Ran (1985; dir. Akira Kurosawa)—Kurosawa’s final samurai epic is a furious, inarticulate howl of anguish that builds for nearly three hours until its irrefutable argument is finally given voice by an angry soldier: “Men prefer sorrow over peace. They revel in pain and bloodshed. They celebrate murder.”
Such a truth would hardly be worth thinking about unless the world was worth saving. And it is; there is a great, severe beauty suffusing the hills, meadows and treeless plains where Kurosawa sets his version of King Lear. These serene visions of nature only heighten the tragedy that unfolds when elderly Lord Hidetoro (Tatsuya Nakadai) declares his wish to divide his kingdom and live out the rest of his days in peace. As one of Hidetoro’s sons points out, this dream is incompatible with the kingdom his father forged by spilling “measureless blood.” Yet Hidetoro continues to believe that his delusional dreams will become reality. He will live long enough to see the ramifications of his foolishness.
Nakadai’s barking, wildly expressionist performance as Hidetoro (who grows more gray and spectral as Ran death-marches on) is contrasted with Mieko Harada’s scarily erotic turn as the scheming Lady Kaede, who sees her father-in-law’s dotage as an opportunity to enact her long-simmering revenge. She drops into Ran like a hawk that finally catches its prey in an unguarded moment, yet the only instance of wit in the entire film comes when she squashes a moth during a fake crying jag.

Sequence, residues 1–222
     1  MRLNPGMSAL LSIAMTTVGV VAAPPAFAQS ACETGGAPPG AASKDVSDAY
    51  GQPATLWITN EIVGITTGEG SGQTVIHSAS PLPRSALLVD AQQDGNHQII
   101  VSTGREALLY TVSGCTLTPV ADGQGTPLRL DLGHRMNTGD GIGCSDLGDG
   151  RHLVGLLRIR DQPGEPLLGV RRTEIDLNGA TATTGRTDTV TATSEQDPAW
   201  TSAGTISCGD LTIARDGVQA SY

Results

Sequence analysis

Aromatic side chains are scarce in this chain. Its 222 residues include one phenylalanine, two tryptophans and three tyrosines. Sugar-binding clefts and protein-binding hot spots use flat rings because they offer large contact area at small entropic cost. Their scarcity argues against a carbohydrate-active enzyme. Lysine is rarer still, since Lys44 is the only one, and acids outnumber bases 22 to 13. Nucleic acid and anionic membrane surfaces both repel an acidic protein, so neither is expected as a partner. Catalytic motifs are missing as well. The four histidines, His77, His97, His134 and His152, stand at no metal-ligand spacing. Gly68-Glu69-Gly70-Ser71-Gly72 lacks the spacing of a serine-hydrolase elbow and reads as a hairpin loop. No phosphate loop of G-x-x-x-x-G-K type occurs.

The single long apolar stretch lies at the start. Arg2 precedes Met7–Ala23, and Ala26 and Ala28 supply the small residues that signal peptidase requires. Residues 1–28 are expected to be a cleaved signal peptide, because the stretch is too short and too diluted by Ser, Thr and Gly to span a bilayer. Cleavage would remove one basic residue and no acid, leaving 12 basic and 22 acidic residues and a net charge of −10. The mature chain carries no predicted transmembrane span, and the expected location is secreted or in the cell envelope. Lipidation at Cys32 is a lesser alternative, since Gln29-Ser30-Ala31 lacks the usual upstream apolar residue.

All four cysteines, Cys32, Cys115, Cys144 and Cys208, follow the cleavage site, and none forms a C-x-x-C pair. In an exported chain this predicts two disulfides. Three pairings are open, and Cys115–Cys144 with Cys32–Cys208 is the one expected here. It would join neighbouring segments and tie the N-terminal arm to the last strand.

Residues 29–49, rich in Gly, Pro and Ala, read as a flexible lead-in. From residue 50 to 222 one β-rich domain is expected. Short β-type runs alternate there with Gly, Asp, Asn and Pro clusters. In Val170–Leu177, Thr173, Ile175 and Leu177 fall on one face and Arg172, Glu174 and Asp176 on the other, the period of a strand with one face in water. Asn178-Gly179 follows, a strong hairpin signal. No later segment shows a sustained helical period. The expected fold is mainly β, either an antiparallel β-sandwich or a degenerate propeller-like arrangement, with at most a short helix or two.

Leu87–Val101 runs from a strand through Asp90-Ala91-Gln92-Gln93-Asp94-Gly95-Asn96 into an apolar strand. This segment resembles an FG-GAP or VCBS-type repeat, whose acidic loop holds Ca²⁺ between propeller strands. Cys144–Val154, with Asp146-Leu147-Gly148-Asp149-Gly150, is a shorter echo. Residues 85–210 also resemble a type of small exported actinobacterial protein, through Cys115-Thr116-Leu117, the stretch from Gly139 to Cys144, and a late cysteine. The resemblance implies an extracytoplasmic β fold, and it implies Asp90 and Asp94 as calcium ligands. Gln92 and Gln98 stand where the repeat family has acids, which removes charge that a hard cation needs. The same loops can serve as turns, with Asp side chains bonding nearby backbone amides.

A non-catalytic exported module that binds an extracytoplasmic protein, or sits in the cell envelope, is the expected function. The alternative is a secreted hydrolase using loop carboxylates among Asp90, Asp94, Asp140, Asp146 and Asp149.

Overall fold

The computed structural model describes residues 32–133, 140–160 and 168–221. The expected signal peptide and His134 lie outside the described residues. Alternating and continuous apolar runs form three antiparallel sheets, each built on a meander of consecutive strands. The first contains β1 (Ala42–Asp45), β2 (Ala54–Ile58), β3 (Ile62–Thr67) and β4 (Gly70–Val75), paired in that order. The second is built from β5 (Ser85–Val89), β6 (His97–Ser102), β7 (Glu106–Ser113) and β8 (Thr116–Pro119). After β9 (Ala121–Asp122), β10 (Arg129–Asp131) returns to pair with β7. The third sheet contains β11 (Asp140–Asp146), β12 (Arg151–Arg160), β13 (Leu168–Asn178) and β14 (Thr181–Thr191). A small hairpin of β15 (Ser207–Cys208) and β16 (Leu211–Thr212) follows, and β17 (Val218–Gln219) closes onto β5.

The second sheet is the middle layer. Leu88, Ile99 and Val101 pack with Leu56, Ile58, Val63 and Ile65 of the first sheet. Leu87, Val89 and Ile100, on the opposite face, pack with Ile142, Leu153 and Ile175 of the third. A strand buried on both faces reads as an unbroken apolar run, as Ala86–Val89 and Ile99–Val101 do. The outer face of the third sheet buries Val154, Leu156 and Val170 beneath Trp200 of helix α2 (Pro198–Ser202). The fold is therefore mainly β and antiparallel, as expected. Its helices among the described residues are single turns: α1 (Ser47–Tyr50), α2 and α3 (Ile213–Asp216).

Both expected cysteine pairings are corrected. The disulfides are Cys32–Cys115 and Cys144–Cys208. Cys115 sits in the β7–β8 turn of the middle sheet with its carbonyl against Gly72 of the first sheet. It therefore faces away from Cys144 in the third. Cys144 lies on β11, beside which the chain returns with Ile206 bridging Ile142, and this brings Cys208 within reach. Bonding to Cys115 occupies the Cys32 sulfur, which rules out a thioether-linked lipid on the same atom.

There are two major battles in Ran, and the first one is worth every fight scene in the Marvel Cinematic Universe and a dozen Fury Road sequels. As Hidetoro and his guards are ambushed by two of his three sons, the whirr of insects, the swish of robes and the thunder of horses’ hooves that have dappled the soundtrack so far are silenced. Toro Takemitsu’s score takes over; Kurosawa assembles a montage of blood, dismemberment and devastation punctuated by shots of the sun visible through an ocean of smoke. After nearly six minutes, the sounds of the real world return with a gunshot that uselessly takes another life.
I was fortunate enough to see the 25th anniversary revival of Ran when it played select theaters in 2010. But even if you could see it on a screen wider than the sky, you that are young shall never see so much, nor live so long.